Unsupervised High-Dimensional Analysis Aligns Dendritic Cells across Tissues and Species.
Guilliams M., Dutertre C-A., Scott CL., McGovern N., Sichien D., Chakarov S., Van Gassen S., Chen J., Poidinger M., De Prijck S., Tavernier SJ., Low I., Irac SE., Mattar CN., Sumatoh HR., Low GHL., Chung TJK., Chan DKH., Tan KK., Hon TLK., Fossum E., Bogen B., Choolani M., Chan JKY., Larbi A., Luche H., Henri S., Saeys Y., Newell EW., Lambrecht BN., Malissen B., Ginhoux F.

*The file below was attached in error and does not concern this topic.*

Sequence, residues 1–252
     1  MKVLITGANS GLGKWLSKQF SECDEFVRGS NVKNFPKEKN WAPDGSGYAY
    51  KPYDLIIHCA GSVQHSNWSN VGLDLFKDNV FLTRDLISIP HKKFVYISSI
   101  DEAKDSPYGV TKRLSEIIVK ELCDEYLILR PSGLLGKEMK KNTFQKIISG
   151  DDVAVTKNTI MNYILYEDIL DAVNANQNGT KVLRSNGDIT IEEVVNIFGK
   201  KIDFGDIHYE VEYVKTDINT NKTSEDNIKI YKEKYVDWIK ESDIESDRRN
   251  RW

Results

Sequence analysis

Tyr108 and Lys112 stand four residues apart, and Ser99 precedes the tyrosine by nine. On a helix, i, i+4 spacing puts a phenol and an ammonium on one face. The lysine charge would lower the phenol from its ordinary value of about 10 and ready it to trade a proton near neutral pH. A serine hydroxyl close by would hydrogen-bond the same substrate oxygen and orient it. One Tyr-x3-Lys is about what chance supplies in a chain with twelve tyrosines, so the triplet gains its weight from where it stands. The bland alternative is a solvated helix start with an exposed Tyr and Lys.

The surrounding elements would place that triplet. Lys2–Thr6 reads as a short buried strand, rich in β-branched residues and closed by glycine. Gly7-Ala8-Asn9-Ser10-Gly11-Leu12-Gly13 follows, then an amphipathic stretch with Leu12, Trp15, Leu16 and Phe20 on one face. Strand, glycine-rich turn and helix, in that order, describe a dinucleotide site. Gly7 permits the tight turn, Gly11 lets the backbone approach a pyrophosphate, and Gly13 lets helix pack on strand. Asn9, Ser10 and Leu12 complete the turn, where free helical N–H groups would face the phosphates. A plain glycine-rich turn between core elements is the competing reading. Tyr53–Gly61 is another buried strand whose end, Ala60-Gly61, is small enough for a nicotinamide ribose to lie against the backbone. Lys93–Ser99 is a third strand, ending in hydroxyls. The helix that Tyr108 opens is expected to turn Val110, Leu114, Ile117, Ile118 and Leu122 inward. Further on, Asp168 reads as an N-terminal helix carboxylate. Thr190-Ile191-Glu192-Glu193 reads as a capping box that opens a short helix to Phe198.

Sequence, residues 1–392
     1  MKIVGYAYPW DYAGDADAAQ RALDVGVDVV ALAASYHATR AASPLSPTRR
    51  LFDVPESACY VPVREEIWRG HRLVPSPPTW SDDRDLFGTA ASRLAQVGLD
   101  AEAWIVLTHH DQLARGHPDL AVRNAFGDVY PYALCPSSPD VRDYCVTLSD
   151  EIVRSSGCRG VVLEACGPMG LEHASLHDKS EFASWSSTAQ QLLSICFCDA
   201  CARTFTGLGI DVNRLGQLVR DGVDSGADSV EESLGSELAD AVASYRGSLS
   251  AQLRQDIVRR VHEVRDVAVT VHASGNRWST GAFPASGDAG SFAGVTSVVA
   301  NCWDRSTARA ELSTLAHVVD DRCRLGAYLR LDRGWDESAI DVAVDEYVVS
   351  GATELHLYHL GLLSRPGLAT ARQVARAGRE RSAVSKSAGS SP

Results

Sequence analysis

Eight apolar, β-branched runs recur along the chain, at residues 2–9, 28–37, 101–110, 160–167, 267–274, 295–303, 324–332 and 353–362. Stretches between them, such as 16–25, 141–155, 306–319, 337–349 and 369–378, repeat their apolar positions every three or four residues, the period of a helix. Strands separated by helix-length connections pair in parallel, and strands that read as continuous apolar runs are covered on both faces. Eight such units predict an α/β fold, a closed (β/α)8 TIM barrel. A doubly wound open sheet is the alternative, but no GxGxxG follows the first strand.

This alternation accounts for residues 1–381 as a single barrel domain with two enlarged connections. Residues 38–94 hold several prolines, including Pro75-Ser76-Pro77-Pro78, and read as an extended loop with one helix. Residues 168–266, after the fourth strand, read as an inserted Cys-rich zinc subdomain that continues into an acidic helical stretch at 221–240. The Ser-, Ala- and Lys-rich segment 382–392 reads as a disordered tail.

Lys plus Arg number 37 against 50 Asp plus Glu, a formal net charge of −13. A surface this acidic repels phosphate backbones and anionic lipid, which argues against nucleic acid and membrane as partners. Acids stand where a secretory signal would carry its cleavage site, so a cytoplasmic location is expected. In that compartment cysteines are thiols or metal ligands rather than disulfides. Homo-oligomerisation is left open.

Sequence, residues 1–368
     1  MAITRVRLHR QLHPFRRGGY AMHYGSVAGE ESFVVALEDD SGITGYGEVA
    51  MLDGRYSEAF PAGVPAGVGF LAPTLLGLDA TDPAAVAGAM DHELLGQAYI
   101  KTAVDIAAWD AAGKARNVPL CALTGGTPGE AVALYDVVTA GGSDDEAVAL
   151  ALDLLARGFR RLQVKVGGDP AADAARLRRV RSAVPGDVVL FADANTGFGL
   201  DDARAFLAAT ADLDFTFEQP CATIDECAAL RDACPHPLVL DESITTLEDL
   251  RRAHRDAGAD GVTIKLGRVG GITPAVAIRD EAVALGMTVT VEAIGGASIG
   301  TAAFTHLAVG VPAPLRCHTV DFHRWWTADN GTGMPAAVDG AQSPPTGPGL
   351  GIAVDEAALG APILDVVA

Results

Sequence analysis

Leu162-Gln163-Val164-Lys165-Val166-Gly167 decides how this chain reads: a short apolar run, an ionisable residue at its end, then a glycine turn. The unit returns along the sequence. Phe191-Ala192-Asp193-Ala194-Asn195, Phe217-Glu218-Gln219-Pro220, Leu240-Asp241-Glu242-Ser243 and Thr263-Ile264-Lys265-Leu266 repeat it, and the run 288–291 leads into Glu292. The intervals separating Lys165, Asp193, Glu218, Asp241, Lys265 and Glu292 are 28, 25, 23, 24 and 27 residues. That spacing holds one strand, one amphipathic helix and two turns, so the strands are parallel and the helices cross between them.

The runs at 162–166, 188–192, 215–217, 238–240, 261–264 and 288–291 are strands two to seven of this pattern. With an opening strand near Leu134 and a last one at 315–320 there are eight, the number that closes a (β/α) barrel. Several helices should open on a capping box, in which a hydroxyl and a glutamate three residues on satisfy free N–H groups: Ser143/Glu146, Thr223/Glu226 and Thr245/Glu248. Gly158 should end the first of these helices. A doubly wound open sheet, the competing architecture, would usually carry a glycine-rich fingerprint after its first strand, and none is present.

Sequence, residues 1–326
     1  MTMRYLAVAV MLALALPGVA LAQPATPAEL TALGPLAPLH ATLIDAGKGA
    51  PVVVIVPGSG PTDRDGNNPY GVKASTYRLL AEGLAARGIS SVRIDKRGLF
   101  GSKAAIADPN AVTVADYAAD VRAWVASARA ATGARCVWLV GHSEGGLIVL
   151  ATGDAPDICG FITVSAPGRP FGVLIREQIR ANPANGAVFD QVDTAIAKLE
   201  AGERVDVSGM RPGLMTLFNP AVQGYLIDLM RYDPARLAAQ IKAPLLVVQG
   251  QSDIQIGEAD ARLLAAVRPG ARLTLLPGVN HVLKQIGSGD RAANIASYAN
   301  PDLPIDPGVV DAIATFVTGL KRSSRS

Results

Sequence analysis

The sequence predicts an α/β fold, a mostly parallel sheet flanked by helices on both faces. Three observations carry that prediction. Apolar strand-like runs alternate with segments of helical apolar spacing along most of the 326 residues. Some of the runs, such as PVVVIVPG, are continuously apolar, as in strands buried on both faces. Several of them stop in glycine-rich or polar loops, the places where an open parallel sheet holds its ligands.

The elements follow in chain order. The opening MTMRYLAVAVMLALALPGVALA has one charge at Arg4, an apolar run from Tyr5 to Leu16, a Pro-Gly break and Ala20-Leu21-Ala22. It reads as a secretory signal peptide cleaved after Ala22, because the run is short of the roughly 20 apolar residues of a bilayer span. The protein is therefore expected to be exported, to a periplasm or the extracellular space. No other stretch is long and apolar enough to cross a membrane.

Dendritic cells (DCs) are professional antigen-presenting cells that hold great therapeutic potential. Multiple DC subsets have been described, and it remains challenging to align them across tissues and species to analyze their function in the absence of macrophage contamination. Here, we provide and validate a universal toolbox for the automated identification of DCs through unsupervised analysis of conventional flow cytometry and mass cytometry data obtained from multiple mouse, macaque, and human tissues. The use of a minimal set of lineage-imprinted markers was sufficient to subdivide DCs into conventional type 1 (cDC1s), conventional type 2 (cDC2s), and plasmacytoid DCs (pDCs) across tissues and species. This way, a large number of additional markers can still be used to further characterize the heterogeneity of DCs across tissues and during inflammation. This framework represents the way forward to a universal, high-throughput, and standardized analysis of DC populations from mutant mice and human patients.